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Altered muscle tone is a common problem that wheelchair prescribers face when assessing for wheelchairs and seating. Altered muscle tone can negatively impact on function and affect the way a user interacts with their wheelchair equipment.
What is muscle tone?
“a state of tension that is maintained continuously - minimally - even when relaxed - and which increases in resistance to passive stretch”(Dictionary of Sports and Exercise Science (2008).
We need normal muscle tone for postural stability as muscles work in surrounding joints to stabilise body segments to enable function. This tone enables us to maintain certain positions for longer periods without fatigue. When we increase the muscle tone by activating or contracting those muscles either side of a joint (co-contraction), we can achieve greater stabilisation.
Low muscle tone
Reduced muscle tone is also known as hypotonia and can occur in two ways. Either as a congenital condition e.g. benign congenital hypotonia or more commonly, it is seen as a generalised symptom in cerebral palsy or damage to the spinal cord, in which the muscles in the trunk and legs below the level of the injury do not receive any motor signals. The person can appear ‘floppy’ and unable to maintain an upright functional seated position. Individuals with low tone require seating that offers greater support of body segments:
High muscle tone
Elevated or increased muscle tone limits joint movement and is characterised by muscles that are stiff and difficult to move. It occurs when there is overload of signals to the muscles and can occur when the brain or spinal cord have been damaged. It is also known as hypertonicity or hypertonia. There are two types; spastic and rigid hypertonia. In spasticity, the tone increases with increased speed and movement of a limb through the joint range and is felt as increased resistance as the limb is extended or straightened. This is common in cerebral palsy. Rigidity is increased muscle tone that is not dependent on direction or speed of movement. Commonly the limb is extremely difficult to move and common in conditions such as acquired or traumatic Brain Injury or Parkinson’s disease.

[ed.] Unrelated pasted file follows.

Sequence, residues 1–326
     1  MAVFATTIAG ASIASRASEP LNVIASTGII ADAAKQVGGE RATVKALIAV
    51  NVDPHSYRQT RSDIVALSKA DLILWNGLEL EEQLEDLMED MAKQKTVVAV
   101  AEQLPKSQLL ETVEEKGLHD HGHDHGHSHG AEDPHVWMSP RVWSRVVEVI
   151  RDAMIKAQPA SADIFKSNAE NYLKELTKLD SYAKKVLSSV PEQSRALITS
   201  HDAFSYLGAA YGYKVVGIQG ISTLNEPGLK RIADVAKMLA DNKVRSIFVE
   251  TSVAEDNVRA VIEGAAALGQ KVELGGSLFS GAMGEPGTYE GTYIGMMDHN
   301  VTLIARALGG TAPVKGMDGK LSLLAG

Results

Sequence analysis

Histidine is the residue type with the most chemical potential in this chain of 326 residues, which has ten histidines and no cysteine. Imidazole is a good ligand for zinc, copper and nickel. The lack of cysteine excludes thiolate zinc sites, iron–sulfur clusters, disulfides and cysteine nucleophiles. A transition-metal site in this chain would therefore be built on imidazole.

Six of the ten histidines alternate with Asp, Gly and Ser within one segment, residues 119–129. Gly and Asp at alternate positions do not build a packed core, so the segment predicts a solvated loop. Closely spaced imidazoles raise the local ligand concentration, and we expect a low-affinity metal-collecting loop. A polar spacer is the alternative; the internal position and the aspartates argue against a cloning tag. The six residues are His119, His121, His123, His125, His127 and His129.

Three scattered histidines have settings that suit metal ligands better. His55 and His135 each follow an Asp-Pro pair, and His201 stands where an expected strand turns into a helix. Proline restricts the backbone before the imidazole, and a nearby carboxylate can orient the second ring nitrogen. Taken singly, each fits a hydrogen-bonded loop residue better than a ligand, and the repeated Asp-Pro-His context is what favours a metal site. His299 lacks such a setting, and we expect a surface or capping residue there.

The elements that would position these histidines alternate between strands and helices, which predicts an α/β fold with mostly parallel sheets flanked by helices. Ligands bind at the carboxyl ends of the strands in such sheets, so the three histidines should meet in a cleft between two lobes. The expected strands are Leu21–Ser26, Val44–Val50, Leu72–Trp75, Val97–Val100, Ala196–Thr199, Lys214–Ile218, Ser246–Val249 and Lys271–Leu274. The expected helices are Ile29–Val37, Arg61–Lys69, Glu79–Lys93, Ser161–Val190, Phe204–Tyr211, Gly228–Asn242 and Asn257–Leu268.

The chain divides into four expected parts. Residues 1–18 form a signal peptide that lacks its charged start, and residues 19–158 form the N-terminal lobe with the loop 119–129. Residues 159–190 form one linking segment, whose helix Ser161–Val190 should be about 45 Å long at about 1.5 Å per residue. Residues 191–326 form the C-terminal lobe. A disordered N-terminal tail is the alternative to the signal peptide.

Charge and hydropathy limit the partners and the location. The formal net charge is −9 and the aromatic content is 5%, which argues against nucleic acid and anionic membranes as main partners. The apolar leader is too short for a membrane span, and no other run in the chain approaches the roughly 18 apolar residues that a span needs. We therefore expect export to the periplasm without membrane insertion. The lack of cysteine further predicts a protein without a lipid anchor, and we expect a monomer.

Seat cushions need to have variable contouring that can match the user's leg and pelvic position and be changed in response to altered body position due to an increase in hypertonicity. JAY cushions with variable contouring that can be easily altered to increase or support the pelvis and lower limbs are the JAY J2, JAY J3 and JAY GS.
Some users can present with mixed tonal patterns and this can prove challenging for the prescriber as scoliosis and pelvic asymmetry are common. Cerebral palsy is the most common condition where this occurs and requires seat cushions to be able to accommodate abnormal pelvic position but also offer increased postural support. Cushions used in this instance are the JAY Balance, JAY J2, and JAY GS. Backrests are often needed to correct or accommodate trunkal asymmetry (scoliosis and rotation) with the use of lateral thoracic supports. JAY J3 backs are commonly used in these cases.